speaking for the jazz profession,
"We should be as proud of the fact
that we spawned jazz and gave it
to the world-as proud of this fact
as the American diletante is en-
vious of the European art forms.
We may be parvenue in- all other
fields but we are the royalty of jazz
and modern music. Jazz, in all its
forms, is America's number one
export-revered in Europe-copied
all over the world - but like all
other originals, never equalled by
imitators."
Union To Sponsor
Trip to Comedy
Students will have an opportun-
ity to see the original Broadway
version of "The Moon Is Blue," at
ya considerable saving, by taking
advantage of the Union-sponsored
student trip planned for Sunday,
Feb. 21.
The comedy hit, tobe presented
at the Schubert Theatre in De-
troit, will include the same cast
that closed the show on Broad-
way. The play ran successfully for
three years in Ney York and has
since been made into a movie. ,
Price for the student trip, in-
cludes transportation and choice
orchestra seats, has been set at
$3.50. Since the total cost per
student, if each went individually,
would be $6, the evenings enter-
tainment is designed to appeal to
the budget-minded coed and man.
The use of University buses will
help to save on transportation
costs, while the large block of
tickets purchases aids in cutting
costs in this department.
According to trip chairman
Mark Gallon, students may sign
up for the evening's entertainment
either in groups, with dates or
alone. Reservations may be made
from 3 to 5 p.m. today, tomorrow,
Monday and Tuesday in the first
floor Union Student Offices.
Late permission has been grant-
ed for women making the trip.

-Daily-Chuck Kelsey
SHUTTERBUG ... Shown looking over the camera awarded him
as grand prize winner in the Union Amateur Photo Contest is
Kent L. Pickard, '55. The winning print pictured the League at
night seen through the spray of the fountain.

Assembly Association and Inter-
House Council will combine forces
at a joint conference concerning
topics of importance t6 dormitory
life and campus activities at 10.
a.m. Saturday, Feb. 20, in the Un-
ion.
Continuing throughout the day,
individual groups will consider a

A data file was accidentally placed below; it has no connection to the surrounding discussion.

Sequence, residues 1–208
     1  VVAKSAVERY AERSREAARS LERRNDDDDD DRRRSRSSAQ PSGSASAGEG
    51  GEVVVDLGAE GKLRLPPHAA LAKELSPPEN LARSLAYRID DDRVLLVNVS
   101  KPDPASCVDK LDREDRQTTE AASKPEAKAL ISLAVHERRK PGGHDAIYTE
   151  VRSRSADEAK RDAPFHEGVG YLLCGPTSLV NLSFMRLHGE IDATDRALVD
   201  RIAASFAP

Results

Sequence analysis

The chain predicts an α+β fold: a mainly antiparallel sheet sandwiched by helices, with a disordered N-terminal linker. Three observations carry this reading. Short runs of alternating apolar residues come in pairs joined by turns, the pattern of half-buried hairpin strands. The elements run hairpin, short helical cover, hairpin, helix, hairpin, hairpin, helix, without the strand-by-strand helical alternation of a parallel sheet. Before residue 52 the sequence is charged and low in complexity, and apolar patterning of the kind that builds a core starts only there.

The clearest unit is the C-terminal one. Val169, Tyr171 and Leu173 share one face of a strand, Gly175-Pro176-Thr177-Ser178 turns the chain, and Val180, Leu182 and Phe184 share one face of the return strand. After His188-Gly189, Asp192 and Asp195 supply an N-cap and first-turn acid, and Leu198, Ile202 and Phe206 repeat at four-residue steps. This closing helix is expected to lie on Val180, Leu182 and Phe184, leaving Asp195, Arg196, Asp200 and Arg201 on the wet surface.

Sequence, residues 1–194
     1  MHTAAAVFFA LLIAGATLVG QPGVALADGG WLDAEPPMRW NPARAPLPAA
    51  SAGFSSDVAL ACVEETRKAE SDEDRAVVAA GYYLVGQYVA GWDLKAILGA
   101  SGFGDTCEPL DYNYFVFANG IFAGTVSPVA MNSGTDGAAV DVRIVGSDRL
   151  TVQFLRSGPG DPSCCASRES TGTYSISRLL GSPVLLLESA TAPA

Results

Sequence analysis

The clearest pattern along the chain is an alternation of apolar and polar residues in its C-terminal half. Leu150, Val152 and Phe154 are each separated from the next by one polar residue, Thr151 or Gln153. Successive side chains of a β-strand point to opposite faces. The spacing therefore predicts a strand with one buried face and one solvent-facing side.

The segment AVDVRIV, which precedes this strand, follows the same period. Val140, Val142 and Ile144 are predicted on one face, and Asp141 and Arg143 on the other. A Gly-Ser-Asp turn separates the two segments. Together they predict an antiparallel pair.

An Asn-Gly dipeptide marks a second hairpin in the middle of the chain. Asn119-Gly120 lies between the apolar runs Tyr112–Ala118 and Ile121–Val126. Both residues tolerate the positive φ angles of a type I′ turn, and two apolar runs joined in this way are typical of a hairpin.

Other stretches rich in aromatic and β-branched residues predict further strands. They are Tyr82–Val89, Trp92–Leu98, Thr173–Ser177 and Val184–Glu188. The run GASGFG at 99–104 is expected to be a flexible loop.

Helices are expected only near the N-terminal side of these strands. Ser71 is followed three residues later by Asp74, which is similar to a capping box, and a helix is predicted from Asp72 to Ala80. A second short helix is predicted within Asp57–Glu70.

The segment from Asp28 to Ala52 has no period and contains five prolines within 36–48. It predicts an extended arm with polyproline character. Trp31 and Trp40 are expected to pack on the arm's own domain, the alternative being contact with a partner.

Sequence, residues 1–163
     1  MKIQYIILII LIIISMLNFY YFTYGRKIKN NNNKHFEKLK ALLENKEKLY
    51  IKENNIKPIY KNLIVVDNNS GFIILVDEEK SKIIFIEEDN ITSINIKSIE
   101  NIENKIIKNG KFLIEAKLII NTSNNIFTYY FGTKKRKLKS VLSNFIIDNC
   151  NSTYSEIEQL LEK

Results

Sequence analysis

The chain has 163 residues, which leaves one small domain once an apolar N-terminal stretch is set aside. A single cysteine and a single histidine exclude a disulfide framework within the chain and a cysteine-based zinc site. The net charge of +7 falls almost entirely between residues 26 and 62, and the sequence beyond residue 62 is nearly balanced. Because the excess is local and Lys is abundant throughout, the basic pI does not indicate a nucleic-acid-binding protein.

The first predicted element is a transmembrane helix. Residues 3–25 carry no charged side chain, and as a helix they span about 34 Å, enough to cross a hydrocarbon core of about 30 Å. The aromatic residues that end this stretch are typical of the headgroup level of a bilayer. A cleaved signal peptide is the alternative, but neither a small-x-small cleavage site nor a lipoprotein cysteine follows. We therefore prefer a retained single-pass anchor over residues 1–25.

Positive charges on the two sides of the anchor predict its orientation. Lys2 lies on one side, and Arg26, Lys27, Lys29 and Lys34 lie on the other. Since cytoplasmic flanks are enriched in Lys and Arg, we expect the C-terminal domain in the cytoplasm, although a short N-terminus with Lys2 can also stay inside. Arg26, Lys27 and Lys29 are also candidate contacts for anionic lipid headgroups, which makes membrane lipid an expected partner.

variety of 12 topics. House presi-
dents have been sent the list of
subjects to enable them to choose
a topic of particular interest to
them.
DURING THE first hour, four
groups will meet, each discussing a
problem. At 11 a.m. new groups will
take over the discussion, consid-
ering other topics. After adjourn-
ment for lunch another group of
subjects will be talked over.
At 2:15 p.m. all representatives
attending the conference will
join in a discussion of all ideas
derived from the small groups.
Representatives at the confer-
ence will have a choice of a var-
iety of topics including a consid-
eration of what part independent
housing units should play in the
city community, what role the staff
should play in residence halls-
academic guide, social advisor or
inforcer of rules-and what size
orientation program is most bene-
ficial.
* * *
CONTINUING the list of sub-
jects, the groups will discuss what
can be done to improve house gov-
ernment, considering both struc-
ture and influence on students;
what can be done to stimulate
Tryouts
All coeds interested in work-
ing on the Women's Page of The
Daily are invited to attend a
tryout meeting at 4:15 p.m. to-
day in the Student Publications
Building.

more individual participation in
extra-curricular activities in both
the houses and in large groups and
the co-ed dormitory system.
A topic questioning the effec-
tiveness of the residence halls
in encouraging academic work,
judged by appearance of a tu-
torial services, recognition of
achievement and an exam file,
will be discussed, along with an
inquiry into how inter-house re-
lationships can be improved.
How can residence halls build
house spirit, how can they en-
courage people to get acquainted
both inside and outside the house
and how successful are independ-
ent house alumni associations pro-
vide the basis for further topics.
* , ,

tend the conference to aid in many
of the topic groups and to consider
the ideas coming from the evalua-
tion session.
IN PAST YEARS, Assembly
Workshop has been a sounding
board for discussion of women's
dormitory problems. Enlarging its
scope, the conference will be the
first joint meeting of the newly-
formed Inter-House Council and
the Assembly Association func-
tioning under its new constitution,
enabling both men and women to